Leaders play down early breakthrough in talks

10th November 2005, Comments 0 comments

10 November 2005, BERLIN - Germany's political leaders are holding a crucial round of talks Thursday to hammer out an agreement on forging a new grand coalition government with both sides playing down the chances of an early breakthrough in the negotiations.

10 November 2005

BERLIN - Germany's political leaders are holding a crucial round of talks Thursday to hammer out an agreement on forging a new grand coalition government with both sides playing down the chances of an early breakthrough in the negotiations.

Instead of reaching an accord late Thursday, party officials now expect the talks to drag on into Friday before they can finally piece together an agreement that would help pave the way for Angela Merkel to become the country's first woman Chancellor.

Despite almost four weeks of talks, the nation's two main political parties - Merkel's conservative Christian Democrat (CDU)- led alliance and outgoing Chancellor Gerhard Schroeder's Social Democrats (SPD) - still have to overcome several major hurdles before an accord can be reached.

A further meeting on cobbling together an agreement to form a new Merkel-led government has been set down for Friday afternoon.

A leading member of Merkel's party, Ronald Pofalla, has even raised the prospect of the negotiators battling on into Saturday.

The parties have to reach agreement by Monday, when the new coalition accord is due to be approved by separate party conventions.

The party conventions are to be held ahead of a meeting on November 22 of the German Parliament when 51-year-old Merkel is expected to be elected Chancellor.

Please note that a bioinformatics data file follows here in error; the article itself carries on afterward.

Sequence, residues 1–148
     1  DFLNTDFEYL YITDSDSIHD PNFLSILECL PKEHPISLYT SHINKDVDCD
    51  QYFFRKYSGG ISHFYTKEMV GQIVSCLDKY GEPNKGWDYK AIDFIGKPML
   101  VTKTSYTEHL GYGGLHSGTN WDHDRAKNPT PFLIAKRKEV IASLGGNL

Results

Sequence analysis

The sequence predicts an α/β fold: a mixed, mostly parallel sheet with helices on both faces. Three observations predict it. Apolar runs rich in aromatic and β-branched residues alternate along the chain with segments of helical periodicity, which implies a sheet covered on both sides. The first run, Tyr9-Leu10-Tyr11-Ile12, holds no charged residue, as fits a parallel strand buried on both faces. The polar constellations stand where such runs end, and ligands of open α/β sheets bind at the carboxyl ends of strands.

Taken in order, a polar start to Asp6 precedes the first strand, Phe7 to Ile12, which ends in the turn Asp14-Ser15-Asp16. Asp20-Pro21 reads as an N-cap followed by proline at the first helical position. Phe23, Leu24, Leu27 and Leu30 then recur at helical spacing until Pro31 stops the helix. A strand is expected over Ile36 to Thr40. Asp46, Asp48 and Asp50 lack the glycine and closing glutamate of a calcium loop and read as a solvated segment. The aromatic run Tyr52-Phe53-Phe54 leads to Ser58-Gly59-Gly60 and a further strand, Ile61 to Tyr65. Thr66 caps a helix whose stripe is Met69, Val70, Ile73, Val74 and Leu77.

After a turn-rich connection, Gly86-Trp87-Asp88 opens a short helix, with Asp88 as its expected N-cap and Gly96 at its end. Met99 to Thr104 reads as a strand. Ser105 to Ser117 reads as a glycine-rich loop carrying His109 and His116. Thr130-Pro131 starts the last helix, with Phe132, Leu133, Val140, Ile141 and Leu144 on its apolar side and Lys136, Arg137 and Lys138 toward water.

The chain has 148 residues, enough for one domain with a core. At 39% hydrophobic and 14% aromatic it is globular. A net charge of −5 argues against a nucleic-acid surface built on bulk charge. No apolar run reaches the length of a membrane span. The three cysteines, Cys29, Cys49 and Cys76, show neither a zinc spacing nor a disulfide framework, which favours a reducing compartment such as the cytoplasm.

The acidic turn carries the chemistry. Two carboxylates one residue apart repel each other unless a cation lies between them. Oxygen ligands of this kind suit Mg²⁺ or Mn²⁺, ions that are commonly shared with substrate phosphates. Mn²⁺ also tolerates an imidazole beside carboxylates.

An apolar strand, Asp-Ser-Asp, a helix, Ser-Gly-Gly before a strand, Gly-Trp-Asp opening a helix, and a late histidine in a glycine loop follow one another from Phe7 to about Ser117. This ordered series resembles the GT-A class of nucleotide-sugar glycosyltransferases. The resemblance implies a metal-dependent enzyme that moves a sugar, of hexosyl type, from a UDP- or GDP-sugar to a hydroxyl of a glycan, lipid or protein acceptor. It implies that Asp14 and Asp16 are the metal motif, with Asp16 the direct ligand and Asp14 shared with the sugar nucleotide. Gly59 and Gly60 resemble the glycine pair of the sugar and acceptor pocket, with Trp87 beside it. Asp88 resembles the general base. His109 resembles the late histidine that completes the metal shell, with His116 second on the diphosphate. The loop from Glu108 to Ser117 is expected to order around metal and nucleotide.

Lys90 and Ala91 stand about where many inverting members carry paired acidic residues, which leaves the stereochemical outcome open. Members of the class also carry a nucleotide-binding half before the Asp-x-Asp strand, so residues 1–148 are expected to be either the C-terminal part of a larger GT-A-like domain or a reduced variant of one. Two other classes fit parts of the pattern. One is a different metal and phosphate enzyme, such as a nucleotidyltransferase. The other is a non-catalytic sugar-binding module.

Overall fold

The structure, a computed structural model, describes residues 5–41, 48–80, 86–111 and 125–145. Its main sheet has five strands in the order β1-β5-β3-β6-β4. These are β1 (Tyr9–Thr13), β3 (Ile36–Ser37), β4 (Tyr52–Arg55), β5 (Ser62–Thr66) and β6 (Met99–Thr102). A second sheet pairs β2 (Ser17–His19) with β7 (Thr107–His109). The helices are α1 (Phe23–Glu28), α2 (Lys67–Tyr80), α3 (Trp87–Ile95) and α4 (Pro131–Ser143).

While both parties have agreed to slash public spending by 35 billion euros (41.2 billion dollars) by 2007 in a bid to bring Germany's deficit below the three per cent target for euro member states, they still have to finalize details of how the big reduction in the deficit is to be achieved.

In particular, this includes whether the cuts should be partly financed by a two or three per cent hike in consumption tax or, as the SPD has proposed, an increase in tax for Germany's top income earners.

As well they have finalized agreement on Schroeder's government policy to phase out nuclear energy in Germany and a proposal to further liberalize Germany's strict hire-and-fire laws.

Analysts say the coalition agreement, especially if it contains plans to hike the nation's consumption tax and liberalise the job protection laws, could run into trouble at the SPD party convention.

Merkel has been forced into forming a coalition with Schroeder's SPD following September's inconclusive national election.

About 40 representatives of the two political groups were attending Thursday's talks in Berlin.

But as the two parties geared up for the talks, their plans came under fresh attack from both unions and business.

Germany's Employer Federation President Dieter Hundt added his voice Thursday to the growing chorus of critics telling the daily Stuttgarter Zeitung that a hike in the consumption tax would be a "false start" to the grand coalition.

Coming as Germany struggles to emerge from a protracted period of stagnation, the Kiel-based Institute for World Economics described the proposed tax increases as "absolutely fantastic" in a report published in Thursday's daily Berliner Zeitung.

Meanwhile, Germany's unions have stepped up their campaign to head off a proposal by the new Merkel-led government to ease the nation's tough hire-and-fire laws by insisting that the moves would not create any new jobs.

DPA

Subject: German news

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